Puppy Care

Puppy and Toy

Getting a new puppy can be very exciting but also overwhelming at times. There as so many things to consider:

  • which breed to choose,
  • what to feed,
  • essential health care such as vaccination and worming,
  • training and puppy preschool, and
  • what sort of lead, collar and toys to use.

Here are a few hints to help you get started.

Firstly choosing a puppy from the right source is very important for your puppy’s long term well-being. Ideally choose your puppy from a breeder that is happy to let you meet your puppy’s parents and the puppies. Look for breeders that handle their puppies from an early age and allow their puppies and their parents plenty of environmental enrichment, such as access to outdoor runs, toys, digging pits etc. Avoid purchasing puppies from pet shops and online especially if this involves air transport as research has show that puppies from these sources are more likely to have long-term behaviour and health issues.

Food: Choosing a good quality puppy food that is balanced for growing bodies and developing brains is important. It is vital that the nutrients are balanced for healthy bone growth and muscle development, but also that the diet is rich in Omega Oils, Lysine and L-Cartenine, as well as B Vitamins and Antioxidants so that your puppy’s brain develops normally. You can feed your puppy to be smarter!

puppy and kittenVaccinations: Puppies need to be vaccinated to develop immunity against many diseases. The essential vaccinations are for Distemper, Hepatitis and Parvovirus so it is safe for them to go for a walk, but also Canine Cough vaccinations are important so it is safe for them to socialise with other dogs and learn proper dog etiquette for later in life. Vaccinations are usually given at 6-8 weeks of age, 10-12 weeks of age and again at 16 weeks of age. Puppies should not go out into public areas until after their second vaccine is given.

Worming: Puppies need to be wormed at 6,8, 10 and 12 weeks of age and then monthly until they are 6 months old. Worming should cover all of the stomach worms and heartworm. At 6 months of age a heartworm injections may be given so that the routine worming medication only needs to be given every 3 months. If you want to continue with oral heartworm prevention, worming needs to continue monthly.

Fleas: We are lucky in Canberra as fleas do not tend to be as much of a problem. However once you get fleas on your pet the environment can quickly become contaminated requiring months of treatment to resolve fully. There are now many combination products available that will worm and flea your pet at the same time, so its easy to cover all bases.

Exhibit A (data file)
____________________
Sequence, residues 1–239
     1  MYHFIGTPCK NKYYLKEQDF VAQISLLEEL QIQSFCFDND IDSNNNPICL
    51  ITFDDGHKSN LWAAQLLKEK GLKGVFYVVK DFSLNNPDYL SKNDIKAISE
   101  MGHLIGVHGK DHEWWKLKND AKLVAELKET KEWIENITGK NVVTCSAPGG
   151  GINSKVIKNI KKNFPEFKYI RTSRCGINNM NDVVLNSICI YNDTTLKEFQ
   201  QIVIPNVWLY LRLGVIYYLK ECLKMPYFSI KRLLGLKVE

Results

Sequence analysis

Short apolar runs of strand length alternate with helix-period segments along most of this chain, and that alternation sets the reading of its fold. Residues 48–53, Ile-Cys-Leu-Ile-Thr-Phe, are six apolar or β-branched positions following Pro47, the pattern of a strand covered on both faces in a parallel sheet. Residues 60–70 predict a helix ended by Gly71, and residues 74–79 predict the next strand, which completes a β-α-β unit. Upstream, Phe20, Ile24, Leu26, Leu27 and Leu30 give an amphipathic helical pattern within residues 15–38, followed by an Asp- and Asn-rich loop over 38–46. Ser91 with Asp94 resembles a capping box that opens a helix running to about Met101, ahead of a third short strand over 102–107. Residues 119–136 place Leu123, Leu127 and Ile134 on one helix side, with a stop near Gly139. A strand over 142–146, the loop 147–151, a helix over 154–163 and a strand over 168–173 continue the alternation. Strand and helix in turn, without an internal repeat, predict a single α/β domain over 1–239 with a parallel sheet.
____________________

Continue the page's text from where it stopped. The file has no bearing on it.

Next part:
Sleeping labrador puppy with booksTraining: Puppies need environmental enrichment and socialisation from a very young age. Ideally the breeder will already have begun this before you get your puppy. But once you get your little bundle of joy it is important to gently expose him to lots of different things so he learns that new things are good and enjoyable and nothing to be scared off. Get him used to different surfaces such as tile, wooden floor boards, carpet, grass, tan bark etc. If he seems worried about any of the surfaces gently coax him onto the surface with some treats and feed him his favourite treats when he walks over the surface. Invite friends over to hang out with your puppy so he gets used to men and women of different ages and sizes, kids too but make sure they are closely supervised and very gentle and quiet when handling your puppy. Once the second vaccination has been given gently introduce your puppy to the outside environment. Puppy preschool is the ideal way to help you and your puppy with training, but don’t think a 4 week class will get the job done, keep working with your puppy and continue to socialise for his first year of life so he has every chance to develop into a happy, well adjusted and polite canine companion. Your hard work early will be rewarded with a lifetime of happy dog behaviour.

Leads and collars: Introduce a collar to your puppy early on. Start by putting it on when you are feeding him or playing a game so he is distracted from it and given positive associations, then gradually leave it on for longer. When he has accepted his collar start introducing his lead. Initially coax him forward with a toy or treat if he seems reluctant to walk on the lead and once he is used to it in the house and backyard start taking him for walks with it. Don’t use the lead to drag him though if he stops, continue to coax him with a toy or treat if he stops until getting the lead out results in a happy dance.

Please call us and discuss any questions you have regarding your new puppy with one of our helpful staff.

ASAVA Accredited Veterinary Hospital